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Interferon-β-induced pulmonary sarcoidosis in a 30-year-old woman treated for multiple sclerosis: a case report

Journal of Medical Case Reports20126:344

https://doi.org/10.1186/1752-1947-6-344

Received: 28 December 2011

Accepted: 19 July 2012

Published: 8 October 2012

Abstract

Introduction

With the increasing use of recombinant α and β interferon therapy for the treatment of various disorders, cases of interferon-associated sarcoidosis have been reported in the literature. The majority of these have been cases of interferon-α-induced sarcoidosis. We present the first case, to the best of our knowledge, of interferon-induced pulmonary sarcoidosis in a patient whose multiple sclerosis was treated with interferon-β.

Case presentation

We present the case of a 30-year-old Caucasian woman who presented with unusually persistent bilateral areas of lung consolidation on serial radiographs. Pulmonary sarcoidosis was diagnosed on transbronchial lung biopsy five months after the initiation of treatment with interferon-β for multiple sclerosis.

Conclusions

Sarcoidosis should be considered in the differential diagnosis of a patient who develops clinical or radiological pulmonary disease while undergoing interferon therapy. It is important to note that interferon-induced sarcoidosis, though usually seen in cases with interferon-α, can occur with interferon-β. Neurologists managing patients with multiple sclerosis should be aware of this association between interferon-β and sarcoidosis and promptly refer patients developing respiratory symptoms for further investigation.

Introduction

Sarcoidosis is a chronic systemic disease characterized by noncaseating granuloma formation that commonly affects the lungs. In pulmonary sarcoidosis, typical changes on plain chest radiography include hilar lymphadenopathy or reticulonodular infiltrates or both.

The exact etiology of sarcoidosis remains unknown. The existence of an exaggerated immune response to unknown antigenic stimuli has been proposed[1]. A number of immune modulators such as interferon-γ have been implicated[2]. In recent years, with the increasing use of recombinant α and β interferon therapy for the treatment of various disorders, cases of interferon-associated sarcoidosis have been reported in the literature. The majority of these have been cases of interferon-α-induced sarcoidosis[35]. These are described in detail in the Discussion section.

We report the case of a 30-year-old Caucasian woman who presented with unusually persistent bilateral areas of lung consolidation on serial radiographs. Pulmonary sarcoidosis was diagnosed five months after the initiation of treatment with interferon-β for multiple sclerosis. To the best of our knowledge, this represents the first case of interferon-induced pulmonary sarcoidosis in a patient whose multiple sclerosis was treated with interferon-β.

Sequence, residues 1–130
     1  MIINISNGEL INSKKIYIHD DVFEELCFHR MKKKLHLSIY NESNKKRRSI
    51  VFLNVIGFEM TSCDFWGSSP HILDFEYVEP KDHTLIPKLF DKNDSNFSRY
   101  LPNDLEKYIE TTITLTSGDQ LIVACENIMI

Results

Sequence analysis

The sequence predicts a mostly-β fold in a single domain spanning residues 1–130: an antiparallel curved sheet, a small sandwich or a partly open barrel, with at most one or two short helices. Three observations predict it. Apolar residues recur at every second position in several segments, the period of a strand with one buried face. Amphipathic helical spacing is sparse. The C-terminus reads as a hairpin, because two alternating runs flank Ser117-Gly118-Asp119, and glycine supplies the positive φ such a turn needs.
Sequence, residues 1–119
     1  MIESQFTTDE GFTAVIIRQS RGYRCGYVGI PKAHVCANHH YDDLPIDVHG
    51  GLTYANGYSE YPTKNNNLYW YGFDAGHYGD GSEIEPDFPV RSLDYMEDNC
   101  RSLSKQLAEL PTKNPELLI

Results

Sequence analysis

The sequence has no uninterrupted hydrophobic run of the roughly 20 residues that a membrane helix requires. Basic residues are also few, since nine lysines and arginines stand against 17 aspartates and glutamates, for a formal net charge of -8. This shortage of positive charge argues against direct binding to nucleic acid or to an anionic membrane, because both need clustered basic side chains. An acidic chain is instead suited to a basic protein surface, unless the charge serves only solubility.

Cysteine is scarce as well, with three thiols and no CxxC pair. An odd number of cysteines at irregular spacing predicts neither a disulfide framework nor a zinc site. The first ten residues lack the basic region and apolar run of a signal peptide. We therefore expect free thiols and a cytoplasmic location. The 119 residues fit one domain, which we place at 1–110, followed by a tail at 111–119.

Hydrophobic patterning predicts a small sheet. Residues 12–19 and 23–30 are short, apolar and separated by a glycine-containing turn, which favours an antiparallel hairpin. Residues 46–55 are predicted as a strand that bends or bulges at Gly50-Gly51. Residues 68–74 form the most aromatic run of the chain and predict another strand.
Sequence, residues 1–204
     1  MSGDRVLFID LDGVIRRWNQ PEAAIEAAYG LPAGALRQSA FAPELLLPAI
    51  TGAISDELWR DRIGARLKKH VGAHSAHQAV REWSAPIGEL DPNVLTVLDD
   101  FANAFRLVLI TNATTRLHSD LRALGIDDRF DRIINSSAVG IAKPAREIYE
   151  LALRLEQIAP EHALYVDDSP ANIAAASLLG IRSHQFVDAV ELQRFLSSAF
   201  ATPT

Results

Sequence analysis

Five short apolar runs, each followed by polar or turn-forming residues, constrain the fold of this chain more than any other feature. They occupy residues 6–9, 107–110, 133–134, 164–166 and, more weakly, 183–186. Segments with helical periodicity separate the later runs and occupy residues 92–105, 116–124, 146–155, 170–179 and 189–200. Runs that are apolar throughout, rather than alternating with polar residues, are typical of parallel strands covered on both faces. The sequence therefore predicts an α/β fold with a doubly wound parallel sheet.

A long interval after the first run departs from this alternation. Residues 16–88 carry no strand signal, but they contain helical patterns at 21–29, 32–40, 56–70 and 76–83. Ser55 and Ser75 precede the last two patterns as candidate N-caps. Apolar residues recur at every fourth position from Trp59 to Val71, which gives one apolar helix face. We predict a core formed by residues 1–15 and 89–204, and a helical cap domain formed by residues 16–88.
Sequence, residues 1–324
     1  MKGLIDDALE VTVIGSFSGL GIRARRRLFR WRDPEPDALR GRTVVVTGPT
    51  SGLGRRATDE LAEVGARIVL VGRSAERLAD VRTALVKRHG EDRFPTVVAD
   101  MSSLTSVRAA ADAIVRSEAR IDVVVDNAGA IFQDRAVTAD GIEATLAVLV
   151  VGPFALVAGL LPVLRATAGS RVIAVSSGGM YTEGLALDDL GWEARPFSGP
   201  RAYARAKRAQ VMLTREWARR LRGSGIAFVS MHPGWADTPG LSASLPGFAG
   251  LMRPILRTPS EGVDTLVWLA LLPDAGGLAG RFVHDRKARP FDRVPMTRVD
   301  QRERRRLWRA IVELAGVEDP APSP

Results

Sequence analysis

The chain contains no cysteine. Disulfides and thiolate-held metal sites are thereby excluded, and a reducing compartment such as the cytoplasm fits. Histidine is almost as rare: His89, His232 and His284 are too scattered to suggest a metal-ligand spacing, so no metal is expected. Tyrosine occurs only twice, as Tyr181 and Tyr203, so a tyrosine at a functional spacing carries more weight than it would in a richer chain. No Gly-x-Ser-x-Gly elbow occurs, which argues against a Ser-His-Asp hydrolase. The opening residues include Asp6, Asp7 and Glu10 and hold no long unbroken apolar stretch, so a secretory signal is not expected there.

Case presentation

A 30-year-old Caucasian woman presented to hospital with a three-week history of influenza like symptoms, including joint and muscle aches, fatigue, fever, rigors and tachycardia. She denied breathlessness or productive cough. She had already received a course of antibiotics from her general practitioner. Her inflammatory markers were normal, but a chest radiograph showed bilateral patchy areas of consolidation. She was discharged with a further course of oral antibiotics for presumed pneumonia.

Her symptoms gradually resolved, but the radiological abnormalities persisted on serial chest radiographs. She was subsequently referred to our respiratory clinic six weeks after her initial presentation.

In the clinic, our patient reported feeling well, apart from dry cough and tiredness. Her medical history included childhood asthma, asymptomatic chronic idiopathic urticaria, irritable bowel syndrome and multiple sclerosis. She had been receiving treatment for multiple sclerosis with interferon-β for the previous five months at a dose of 44μg subcutaneously three times a week. Concern that the fever and influenza-like symptoms were possible side effects led to discontinuation of the interferon therapy, which was not resumed. She was also taking omeprazole, mebeverine and amitriptyline. Her family history was relevant for multiple sclerosis in her sister, hypothyroidism and polymyalgia rheumatica in her mother and type 2 diabetes mellitus in her father. She smoked 10 to 15 cigarettes a day. On examination, she had normal vital signs. There was no lymphadenopathy and she did not have any skin lesions. The results of cardiovascular examination were normal. Respiratory examination revealed an area of bronchial breathing on her left lung, but there was no wheeze or crepitations.